8. H. Lee, M. G. Kim, C. H. Choi, Y.-K. Sun, C. S. Yoon and J. Cho, Surface-Stabilized Amorphous Germanium Nanoparticles for Lithium-Storage Material, J. Phys. Chem. B, 2005, 109(44), 20719–20723 CrossRef CAS PubMed.
  9. C. K. Chan, H. Peng, G. Liu, K. McIlwrath, X. F. Zhang, R. A. Huggins and Y. Cui, High-performance lithium battery anodes using silicon nanowires, Nat. Nanotechnol., 2008, 3(1), 31–35 CrossRef CAS PubMed.
  10. C.-M. Park, J.-H. Kim, H. Kim and H.-J. Sohn, Li-alloy based anode materials for Li secondary batteries, Chem. Soc. Rev., 2010, 39(8), 3115–3141 RSC.
  11. T. Kennedy, E. Mullane, H. Geaney, M. Osiak, C. O'Dwyer and K. M. Ryan, High-Performance Germanium Nanowire-Based Lithium-Ion Battery Anodes Extending over 1000 Cycles Through In Situ Formation of a Continuous Porous Network, Nano Lett., 2014, 14(2), 716–723 CrossRef CAS PubMed.
  12. U. Kasavajjula, C. Wang and A. J. Appleby, Nano- and bulk-silicon-based insertion anodes for lithium-ion secondary cells, J. Power Sources, 2007, 163(2), 1003–1039 CrossRef CAS.
  13. J. H. Ryu, J. W. Kim, Y.-E. Sung and S. M. Oh, Failure Modes of Silicon Powder Negative Electrode in Lithium Secondary Batteries, Electrochem. Solid-State Lett., 2004, 7(10), A306 CrossRef CAS.
  14. H. Wu and Y. Cui, Designing nanostructured Si anodes for high energy lithium ion batteries, Nano Today, 2012, 7(5), 414–429 CrossRef CAS.
  15. T. Kennedy, M. Brandon, F. Laffir and K. M. Ryan, Understanding the influence of electrolyte additives on the electrochemical performance and morphology evolution of silicon nanowire based lithium-ion battery anodes, J. Power Sources, 2017, 359, 601–610 CrossRef CAS.
  16. K. Stokes, G. Flynn, H. Geaney, G. Bree and K. M. Ryan, Axial Si–Ge Heterostructure Nanowires as Lithium-Ion Battery Anodes, Nano Lett., 2018, 18(9), 5569–5575 CrossRef CAS PubMed.
  17. T. Kennedy, M. Bezuidenhout, K. Palaniappan, K. Stokes, M. Brandon and K. M. Ryan, Nanowire Heterostructures Comprising Germanium Stems and Silicon Branches as High-Capacity Li-Ion Anodes with Tunable Rate Capability, ACS Nano, 2015, 9(7), 7456–7465 CrossRef CAS PubMed.
  18. J. Li, N. J. Dudney, X. Xiao, Y. T. Cheng, C. Liang and M. W. Verbrugge, Asymmetric rate behavior of Si anodes for lithium-ion batteries: ultrafast de-lithiation versus sluggish lithiation at high current densities, Adv. Energy Mater., 2015, 5(6), 1401627 CrossRef.
  19. D. Wang, Y.-L. Chang, Q. Wang, J. Cao, D. B. Farmer, R. G. Gordon and H. Dai, Surface chemistry and electrical properties of germanium nanowires, J. Am. Chem. Soc., 2004, 126(37), 11602–11611 CrossRef CAS PubMed.
  20. A. Esmanski and G. A. Ozin, Silicon inverse-opal-based macroporous materials as negative electrodes for lithium ion batteries, Adv. Funct. Mater., 2009, 19(12), 1999–2010 CrossRef CAS.
  21. S. Kilian, K. McCarthy, K. Stokes, T. E. Adegoke, M. Conroy, I. S. Amiinu, H. Geaney, T. Kennedy and K. M. Ryan, Direct Growth of Si, Ge, and Si–Ge Heterostructure Nanowires Using Electroplated Zn: An Inexpensive Seeding Technique for Li-Ion Alloying Anodes, Small, 2021, 17(10), 2005443 CrossRef CAS PubMed.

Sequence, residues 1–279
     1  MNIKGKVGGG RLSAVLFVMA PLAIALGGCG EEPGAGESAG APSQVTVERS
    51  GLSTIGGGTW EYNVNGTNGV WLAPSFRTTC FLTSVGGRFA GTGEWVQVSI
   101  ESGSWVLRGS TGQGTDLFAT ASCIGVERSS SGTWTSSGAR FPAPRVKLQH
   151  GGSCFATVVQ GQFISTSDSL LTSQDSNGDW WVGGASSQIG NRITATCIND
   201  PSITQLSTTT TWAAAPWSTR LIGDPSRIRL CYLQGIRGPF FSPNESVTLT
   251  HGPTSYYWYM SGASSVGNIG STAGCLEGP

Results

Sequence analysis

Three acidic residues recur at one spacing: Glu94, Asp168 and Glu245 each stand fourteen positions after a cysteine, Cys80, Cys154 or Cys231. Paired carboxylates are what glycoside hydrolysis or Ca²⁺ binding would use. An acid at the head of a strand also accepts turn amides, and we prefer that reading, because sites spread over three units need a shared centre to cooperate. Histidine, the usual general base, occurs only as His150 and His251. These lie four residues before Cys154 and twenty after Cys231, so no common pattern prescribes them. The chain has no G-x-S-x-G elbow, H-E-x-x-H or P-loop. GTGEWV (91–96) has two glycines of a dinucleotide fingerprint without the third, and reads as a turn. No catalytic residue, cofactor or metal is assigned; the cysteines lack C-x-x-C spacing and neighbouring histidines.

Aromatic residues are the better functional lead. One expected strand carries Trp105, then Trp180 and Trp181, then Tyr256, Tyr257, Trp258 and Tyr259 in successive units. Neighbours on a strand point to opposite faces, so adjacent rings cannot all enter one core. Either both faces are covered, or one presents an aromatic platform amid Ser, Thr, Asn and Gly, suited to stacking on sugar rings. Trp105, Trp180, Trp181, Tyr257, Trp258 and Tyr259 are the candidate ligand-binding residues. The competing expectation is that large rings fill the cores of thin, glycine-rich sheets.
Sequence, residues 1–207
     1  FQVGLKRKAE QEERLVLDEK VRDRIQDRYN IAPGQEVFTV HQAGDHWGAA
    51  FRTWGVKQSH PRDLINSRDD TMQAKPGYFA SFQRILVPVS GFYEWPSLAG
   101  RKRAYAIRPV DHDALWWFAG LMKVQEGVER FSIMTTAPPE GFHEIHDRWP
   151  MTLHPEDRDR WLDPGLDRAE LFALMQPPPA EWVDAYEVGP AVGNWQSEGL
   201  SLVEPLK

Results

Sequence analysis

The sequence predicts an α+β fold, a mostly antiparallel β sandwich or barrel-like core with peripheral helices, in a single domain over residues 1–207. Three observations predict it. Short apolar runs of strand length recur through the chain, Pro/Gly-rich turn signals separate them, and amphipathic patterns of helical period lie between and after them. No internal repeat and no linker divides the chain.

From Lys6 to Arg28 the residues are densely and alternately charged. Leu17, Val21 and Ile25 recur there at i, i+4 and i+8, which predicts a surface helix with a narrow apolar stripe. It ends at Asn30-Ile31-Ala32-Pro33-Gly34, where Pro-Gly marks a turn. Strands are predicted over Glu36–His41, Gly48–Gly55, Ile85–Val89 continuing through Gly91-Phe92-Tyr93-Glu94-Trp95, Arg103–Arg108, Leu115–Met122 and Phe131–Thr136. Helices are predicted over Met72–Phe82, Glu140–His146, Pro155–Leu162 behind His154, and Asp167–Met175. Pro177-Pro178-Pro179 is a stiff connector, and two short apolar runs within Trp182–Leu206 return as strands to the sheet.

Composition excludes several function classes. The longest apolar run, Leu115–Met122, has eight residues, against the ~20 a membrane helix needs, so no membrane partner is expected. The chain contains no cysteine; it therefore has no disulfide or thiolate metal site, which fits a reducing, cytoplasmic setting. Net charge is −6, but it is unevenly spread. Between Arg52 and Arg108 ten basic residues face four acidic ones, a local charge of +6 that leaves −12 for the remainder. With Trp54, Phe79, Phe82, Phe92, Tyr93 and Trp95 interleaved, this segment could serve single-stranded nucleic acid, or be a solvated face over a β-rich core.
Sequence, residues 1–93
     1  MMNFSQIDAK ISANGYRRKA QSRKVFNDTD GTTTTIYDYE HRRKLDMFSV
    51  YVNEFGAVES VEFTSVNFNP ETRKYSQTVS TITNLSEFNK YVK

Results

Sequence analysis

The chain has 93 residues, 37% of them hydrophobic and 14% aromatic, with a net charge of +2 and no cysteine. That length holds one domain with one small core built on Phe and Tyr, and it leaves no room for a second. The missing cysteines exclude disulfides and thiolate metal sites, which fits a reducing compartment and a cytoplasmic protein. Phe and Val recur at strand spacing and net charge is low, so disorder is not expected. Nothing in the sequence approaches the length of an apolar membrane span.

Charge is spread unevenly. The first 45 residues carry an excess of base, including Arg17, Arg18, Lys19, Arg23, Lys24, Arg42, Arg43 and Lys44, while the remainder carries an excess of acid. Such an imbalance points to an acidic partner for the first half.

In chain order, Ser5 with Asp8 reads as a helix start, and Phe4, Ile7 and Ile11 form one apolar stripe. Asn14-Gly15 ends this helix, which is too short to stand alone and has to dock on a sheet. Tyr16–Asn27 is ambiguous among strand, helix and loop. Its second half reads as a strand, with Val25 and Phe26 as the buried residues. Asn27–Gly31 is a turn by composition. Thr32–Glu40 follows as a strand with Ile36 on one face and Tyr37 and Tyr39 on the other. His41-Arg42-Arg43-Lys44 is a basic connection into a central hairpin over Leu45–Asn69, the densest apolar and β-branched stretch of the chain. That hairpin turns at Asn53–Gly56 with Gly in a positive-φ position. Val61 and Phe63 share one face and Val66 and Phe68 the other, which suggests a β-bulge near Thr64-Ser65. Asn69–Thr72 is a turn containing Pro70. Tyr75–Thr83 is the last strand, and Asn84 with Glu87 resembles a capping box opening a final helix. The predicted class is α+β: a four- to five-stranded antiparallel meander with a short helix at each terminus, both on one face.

22. K. Stokes, H. Geaney, G. Flynn, M. Sheehan, T. Kennedy and K. M. Ryan, Direct Synthesis of Alloyed Si1−xGex Nanowires for Performance-Tunable Lithium Ion Battery Anodes, ACS Nano, 2017, 11(10), 10088–10096 CrossRef CAS PubMed.
  23. H. Kim, Y. Son, C. Park, M.-J. Lee, M. Hong, J. Kim, M. Lee, J. Cho and H. C. Choi, Germanium silicon alloy anode material capable of tunable overpotential by nanoscale Si segregation, Nano Lett., 2015, 15(6), 4135–4142 CrossRef CAS PubMed.
  24. L. J. Lauhon, M. S. Gudiksen, D. Wang and C. M. Lieber, Epitaxial core–shell and core–multishell nanowire heterostructures, Nature, 2002, 420(6911), 57–61 CrossRef CAS PubMed.
  25. H. Geaney, E. Mullane, Q. M. Ramasse and K. M. Ryan, Atomically Abrupt Silicon–Germanium Axial Heterostructure Nanowires Synthesized in a Solvent Vapor Growth System, Nano Lett., 2013, 13(4), 1675–1680 CrossRef CAS PubMed.
  26. Y. Wu and P. Yang, Germanium Nanowire Growth via Simple Vapor Transport, Chem. Mater., 2000, 12(3), 605–607 CrossRef CAS.
  27. J. D. Holmes, K. P. Johnston, R. C. Doty and B. A. Korgel, Control of Thickness and Orientation of Solution-Grown Silicon Nanowires, Science, 2000, 287(5457), 1471–1473 CrossRef CAS PubMed.
  28. L. Schubert, P. Werner, N. D. Zakharov, G. Gerth, F. M. Kolb, L. Long, U. Gösele and T. Y. Tan, Silicon nanowhiskers grown on 〈111〉Si substrates by molecular-beam epitaxy, Appl. Phys. Lett., 2004, 84(24), 4968–4970 CrossRef CAS.
  29. A. M. Morales and C. M. Lieber, A laser ablation method for the synthesis of crystalline semiconductor nanowires, Science, 1998, 279(5348), 208–211 CrossRef CAS PubMed.
  30. M.-L. Zhang, K.-Q. Peng, X. Fan, J.-S. Jie, R.-Q. Zhang, S.-T. Lee and N.-B. Wong, Preparation of Large-Area Uniform Silicon Nanowires Arrays through Metal-Assisted Chemical Etching, J. Phys. Chem. C, 2008, 112(12), 4444–4450 CrossRef CAS.
  31. H. Geaney, C. Dickinson, C. A. Barrett and K. M. Ryan, High density germanium nanowire growth directly from copper foil by self-induced solid seeding, Chem. Mater., 2011, 23(21), 4838–4843 CrossRef CAS.
  32. S. Jing, H. Jiang, Y. Hu and C. Li, Directly grown Si nanowire arrays on Cu foam with a coral-like surface for lithium-ion batteries, Nanoscale, 2014, 6(23), 14441–14445 RSC.
  33. Q. Zhang, H. Chen, L. Luo, B. Zhao, H. Luo, X. Han, J. Wang, C. Wang, Y. Yang and T. Zhu, Harnessing the concurrent reaction dynamics in active Si and Ge to achieve high performance lithium-ion batteries, Energy Environ. Sci., 2018, 11(3), 669–681 RSC.
  34. G. A. Collins, S. Kilian, H. Geaney and K. M. Ryan, A Nanowire Nest Structure Comprising Copper Silicide and Silicon Nanowires for Lithium-Ion Battery Anodes with High Areal Loading, Small, 2021, 17(34), 2102333 CrossRef CAS PubMed.
  35. I. S. Aminu, H. Geaney, S. Imtiaz, T. E. Adegoke, N. Kapuria, G. A. Collins and K. M. Ryan, A Copper Silicide Nanofoam Current Collector for Directly Grown Si Nanowire Networks and their Application as Lithium-Ion Anodes, Adv. Funct. Mater., 2020, 30(38), 2003278 CrossRef CAS.